Woman who climbed Statue of Liberty to protest Trump’s immigration policy convicted of trespassing


 

The woman who climbed the base of the Statue of Liberty on the 4th of July to protest Donald Trump‘s immigration policies was found guilty of three misdemeanor counts of trespassing, interference with government agency functions and disorderly conduct on Monday.

Therese Patricia Okoumou climbed onto The Statue of Liberty’s right foot and refused to come down. The incident forced authorities to evacuate Liberty Island.

“The result today was not surprising, but sometimes you have to stand on principle,” Michael Avenatti, Okoumou’s attorney, said. “And history will be incredibly kind to Patricia.”

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According to WABC, Okoumou testified on her own behalf and got choked up, saying images of parents being separated from children at the border gave her nightmares. She said that couldn’t live with the sight of “children in cages” without bringing the issue to a wider audience.

“Instead of treating them with kindness, what we’ve shown them is cages,” she said after court. “So if I go in the cage with them, I am on the right side of history. I do not regret my actions on the Fourth of July.”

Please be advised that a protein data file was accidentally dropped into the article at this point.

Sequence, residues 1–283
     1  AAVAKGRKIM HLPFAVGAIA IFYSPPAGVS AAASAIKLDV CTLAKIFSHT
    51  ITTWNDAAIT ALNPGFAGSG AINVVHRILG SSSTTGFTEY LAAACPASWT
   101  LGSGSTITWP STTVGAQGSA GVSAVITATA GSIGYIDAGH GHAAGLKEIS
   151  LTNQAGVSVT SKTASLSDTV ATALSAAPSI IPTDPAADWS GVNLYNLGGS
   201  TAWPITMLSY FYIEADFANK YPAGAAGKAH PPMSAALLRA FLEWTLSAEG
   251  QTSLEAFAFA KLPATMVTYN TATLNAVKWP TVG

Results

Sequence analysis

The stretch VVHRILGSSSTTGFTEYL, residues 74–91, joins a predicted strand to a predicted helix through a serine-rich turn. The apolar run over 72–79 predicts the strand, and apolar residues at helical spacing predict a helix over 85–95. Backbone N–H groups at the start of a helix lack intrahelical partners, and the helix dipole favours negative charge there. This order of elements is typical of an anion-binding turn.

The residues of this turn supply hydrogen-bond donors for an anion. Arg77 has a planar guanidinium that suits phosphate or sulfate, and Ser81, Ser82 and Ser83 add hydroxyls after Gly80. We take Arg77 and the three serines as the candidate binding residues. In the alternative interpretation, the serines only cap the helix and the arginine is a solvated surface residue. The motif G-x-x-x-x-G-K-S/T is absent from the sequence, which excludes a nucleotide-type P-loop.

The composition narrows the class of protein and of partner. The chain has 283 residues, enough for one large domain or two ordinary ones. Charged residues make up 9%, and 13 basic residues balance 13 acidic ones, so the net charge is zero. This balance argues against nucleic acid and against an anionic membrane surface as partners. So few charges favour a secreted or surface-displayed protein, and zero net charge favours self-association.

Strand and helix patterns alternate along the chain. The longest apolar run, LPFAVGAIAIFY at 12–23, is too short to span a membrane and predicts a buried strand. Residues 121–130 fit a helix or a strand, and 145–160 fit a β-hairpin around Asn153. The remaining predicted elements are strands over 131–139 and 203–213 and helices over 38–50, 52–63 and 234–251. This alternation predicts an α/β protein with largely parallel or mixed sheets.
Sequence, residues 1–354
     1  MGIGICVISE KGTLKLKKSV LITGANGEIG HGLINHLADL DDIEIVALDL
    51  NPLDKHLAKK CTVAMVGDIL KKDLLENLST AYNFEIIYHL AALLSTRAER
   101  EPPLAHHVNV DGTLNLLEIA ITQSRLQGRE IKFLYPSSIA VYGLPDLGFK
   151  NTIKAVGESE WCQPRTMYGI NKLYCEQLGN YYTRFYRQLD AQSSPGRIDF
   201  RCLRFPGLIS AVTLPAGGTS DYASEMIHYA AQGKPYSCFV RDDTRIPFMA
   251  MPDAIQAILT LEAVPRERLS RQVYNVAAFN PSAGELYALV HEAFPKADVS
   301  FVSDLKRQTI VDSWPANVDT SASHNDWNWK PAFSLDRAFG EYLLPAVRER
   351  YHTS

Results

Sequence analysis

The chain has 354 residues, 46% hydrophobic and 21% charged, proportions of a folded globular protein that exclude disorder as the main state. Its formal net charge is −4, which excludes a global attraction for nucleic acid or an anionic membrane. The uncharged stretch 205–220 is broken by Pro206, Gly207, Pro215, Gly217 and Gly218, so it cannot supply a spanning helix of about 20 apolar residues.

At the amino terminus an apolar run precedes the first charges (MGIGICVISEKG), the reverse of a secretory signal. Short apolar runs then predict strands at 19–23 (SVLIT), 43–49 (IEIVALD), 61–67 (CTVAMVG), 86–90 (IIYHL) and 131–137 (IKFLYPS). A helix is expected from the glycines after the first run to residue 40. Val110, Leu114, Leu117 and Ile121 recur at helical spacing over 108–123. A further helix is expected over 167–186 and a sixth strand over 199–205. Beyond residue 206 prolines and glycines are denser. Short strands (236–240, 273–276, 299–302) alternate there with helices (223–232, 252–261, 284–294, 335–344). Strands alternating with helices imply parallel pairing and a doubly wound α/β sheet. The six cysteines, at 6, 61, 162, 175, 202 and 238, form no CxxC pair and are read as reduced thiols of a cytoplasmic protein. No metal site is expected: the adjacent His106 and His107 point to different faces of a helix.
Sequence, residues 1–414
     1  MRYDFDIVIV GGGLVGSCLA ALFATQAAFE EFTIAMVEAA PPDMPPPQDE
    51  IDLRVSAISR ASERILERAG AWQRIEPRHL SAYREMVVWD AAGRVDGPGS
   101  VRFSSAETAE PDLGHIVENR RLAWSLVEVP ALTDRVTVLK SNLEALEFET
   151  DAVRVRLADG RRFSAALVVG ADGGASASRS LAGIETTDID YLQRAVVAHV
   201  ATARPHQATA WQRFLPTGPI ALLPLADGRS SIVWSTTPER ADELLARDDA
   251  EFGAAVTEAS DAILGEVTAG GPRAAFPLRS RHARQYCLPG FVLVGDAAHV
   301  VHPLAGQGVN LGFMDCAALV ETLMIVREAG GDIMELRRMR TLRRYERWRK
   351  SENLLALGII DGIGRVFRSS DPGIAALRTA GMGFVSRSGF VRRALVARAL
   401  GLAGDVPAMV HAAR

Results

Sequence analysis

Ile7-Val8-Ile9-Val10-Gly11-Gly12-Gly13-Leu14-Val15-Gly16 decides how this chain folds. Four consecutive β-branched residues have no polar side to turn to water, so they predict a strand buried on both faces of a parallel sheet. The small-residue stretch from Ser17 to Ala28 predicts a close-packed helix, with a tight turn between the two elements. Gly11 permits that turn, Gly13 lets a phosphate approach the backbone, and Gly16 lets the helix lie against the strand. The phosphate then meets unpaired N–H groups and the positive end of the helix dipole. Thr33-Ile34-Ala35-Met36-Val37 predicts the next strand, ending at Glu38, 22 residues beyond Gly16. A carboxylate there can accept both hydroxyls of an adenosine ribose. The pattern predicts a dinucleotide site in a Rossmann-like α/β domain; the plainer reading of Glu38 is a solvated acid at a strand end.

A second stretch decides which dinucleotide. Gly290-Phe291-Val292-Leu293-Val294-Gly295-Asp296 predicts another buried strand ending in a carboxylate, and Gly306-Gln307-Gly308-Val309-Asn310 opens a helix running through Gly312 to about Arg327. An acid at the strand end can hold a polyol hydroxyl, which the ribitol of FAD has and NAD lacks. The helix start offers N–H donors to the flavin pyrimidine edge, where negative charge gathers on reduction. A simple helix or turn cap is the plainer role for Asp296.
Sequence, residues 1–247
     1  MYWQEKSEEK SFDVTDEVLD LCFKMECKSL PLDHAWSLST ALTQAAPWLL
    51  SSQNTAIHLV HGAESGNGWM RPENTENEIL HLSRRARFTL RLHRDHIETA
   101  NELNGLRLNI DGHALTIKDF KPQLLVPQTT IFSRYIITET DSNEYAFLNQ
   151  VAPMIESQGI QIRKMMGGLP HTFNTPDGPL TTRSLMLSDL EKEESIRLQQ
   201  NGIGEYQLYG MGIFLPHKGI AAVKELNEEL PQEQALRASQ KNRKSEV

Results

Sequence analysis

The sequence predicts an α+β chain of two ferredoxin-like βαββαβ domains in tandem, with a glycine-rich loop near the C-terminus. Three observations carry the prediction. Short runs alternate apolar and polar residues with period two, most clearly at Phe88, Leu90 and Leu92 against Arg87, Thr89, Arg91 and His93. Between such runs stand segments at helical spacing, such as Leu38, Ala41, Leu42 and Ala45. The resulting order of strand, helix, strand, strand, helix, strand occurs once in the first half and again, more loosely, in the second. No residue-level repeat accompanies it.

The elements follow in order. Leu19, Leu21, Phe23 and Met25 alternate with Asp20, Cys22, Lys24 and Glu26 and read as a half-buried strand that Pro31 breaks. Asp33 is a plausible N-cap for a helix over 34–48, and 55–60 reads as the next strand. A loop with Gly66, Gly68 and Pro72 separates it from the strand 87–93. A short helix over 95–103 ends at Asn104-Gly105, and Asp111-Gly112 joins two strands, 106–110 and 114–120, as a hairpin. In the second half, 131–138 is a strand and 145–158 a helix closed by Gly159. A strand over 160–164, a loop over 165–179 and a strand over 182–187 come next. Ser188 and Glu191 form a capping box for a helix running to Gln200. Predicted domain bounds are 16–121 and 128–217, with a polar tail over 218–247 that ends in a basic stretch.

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Prosecutors argued that Okoumou endangered herself, rescuers and thousands of tourists when she climbed the statue’s base. A police officer also testified that Okoumou threatened to push over a ladder if the officer got any closer.

“Therese Okoumou was convicted in federal court today for a dangerous stunt last July 4th that endangered herself and the NYPD and U.S. Park Police officers who rescued and apprehended her,” U.S. Attorney Geoffrey S. Berman said in a statement. “

The act of climbing the base of the Statue of Liberty went well beyond peaceable protest, a right we certainly respect. It was a crime that put people at grave risk. We commend Judge (Gabriel) Gorenstein’s decision to hold Therese Okoumou accountable for her dangerous and reckless conduct.”

She faces up to 18 months in federal prison and will be sentenced on March 5.

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